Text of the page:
Artist's impression of the Immersive Cinema Experience: drama, danger and suspense on the big screen with a pumping soundtrack to set the scene. (Image: Australian National Maritime Museum)

Australia Maritime Museum Calls ‘Action Stations’

The Australian National Maritime Museum’s new “Action Stations” attraction officially opened in Darling Harbour, Sydney, on Sunday, offering guests a uniquely dynamic “Immersive Cinema Experience”. The $12 million (AUD ) Action Stations attraction, located in a new waterfront pavilion, highlights the history of the Royal Australian Navy (RAN) and its people, the various periods of engagement from World War I to the present day and brings to life the human stories behind the uniform and the fleet.

Vincent Woolsgrove with one of the Dutch cannons (Photo: Maritime and Coastguard Agency)

Diver Pleads Guilty to Fraud Involving Historic Cannons

A commercial diver has pleaded guilty at Southampton Crown Court to a fraud offence in excess of £46,000 following a two year investigation by the U.K. Maritime & Coastguard Agency (MCA). The diver, Vincent Woolsgrove of Ramsgate, Kent, reported finding five cannons during the summer 2007, two from the wreck of the warship, London, and three in international waters off the coast of Kent. The cannons recovered from the warship were both very rare bronze Peter Gill and commonwealth cannons.

USS Constitution enters Dry Dock 1 in Charlestown Navy Yard to commence a multi-year planned restoration period. This is Constitution's first time in dry dock since its 1992-1996 restoration. (U.S. Navy photo by Mass Communication Specialist Seaman Matthew R. Fairchild/Released)

Historic Warship Docked for Restoration

One of the world's oldest commissioned warships has entered dry dock for a planned multiyear restoration, the U.S. Navy reports. On May 19, USS Constitution eased into Dry Dock 1 at Charlestown Navy Yard Boston National Historical Park with the help and coordination of a large team of stakeholders including the ship's crew, Portsmouth Naval Shipyard, Naval History and Heritage Command's Maintenance Detachment Boston, USS Constitution Museum and the National Park Service. "We couldn't…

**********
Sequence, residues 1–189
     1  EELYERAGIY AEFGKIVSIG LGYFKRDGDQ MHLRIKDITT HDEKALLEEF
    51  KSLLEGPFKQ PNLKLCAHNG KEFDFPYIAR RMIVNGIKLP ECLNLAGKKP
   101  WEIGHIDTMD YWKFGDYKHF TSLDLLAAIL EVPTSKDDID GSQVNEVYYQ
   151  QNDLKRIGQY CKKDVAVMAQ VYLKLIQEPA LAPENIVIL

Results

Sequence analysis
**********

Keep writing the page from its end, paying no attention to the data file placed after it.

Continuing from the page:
Howard Joshua Humphreys, descendent of 19th century American frigate designer Joshua Humphreys, delivers remarks at a dedication ceremony for Naval Sea Systems Command headquarters. Humphrey's ancestor designed the original six U.S. Navy frigates, including USS Constitution. (U.S. Navy photo by Nathan Laird)

NAVSEA Dedicates Building to Historic Shipbuilder

Naval Sea Systems Command (NAVSEA) headquarters officially opened its recently redesigned, renovated and renamed building with a ceremony April 20 at the Washington Navy Yard. With a nod to NAVSEA's mission, Building 197 will be known as the Humphreys Building, named in honor of Joshua Humphreys, the original designer of the U.S. Navy's first six frigates. "As America's first warship designer, he laid the foundation upon which the Navy and NAVSEA is built ... As the designer, builder maintainer…

Lookout on the bridge of USS Nautilus (SSN 571) keeps an alert watch for pieces of ice as the Nautilus presses closer to the Polar Ice Cap, August 1958. (NHHC Photograph Collection, L-File, Ships)

Today in U.S. Naval History: August 1

Today in U.S. Naval History - August 1 1801 - U.S. schooner Enterprise captures Tripolitan ship Tripoli 1921 - Successful tests of gyroscopic high level bombsight (Norden Bombsight) at Torpedo Station, Yorktown, Va. Carl Norden developed the bombsight for the Bureau of Ordnance. 1946 - Office of Naval Research established 1950 - Control of Guam transferred to Department of Interior 1958 - USS Nautilus (SSN-571) submerges under Arctic ice cap near Point Barrow For more information about naval history, visit the Naval History and Heritage Command website at history.navy.mil.

Howell Torpedo Received: Photo credit Navy NHHC

Dolphins Find Rare Navy Torpedo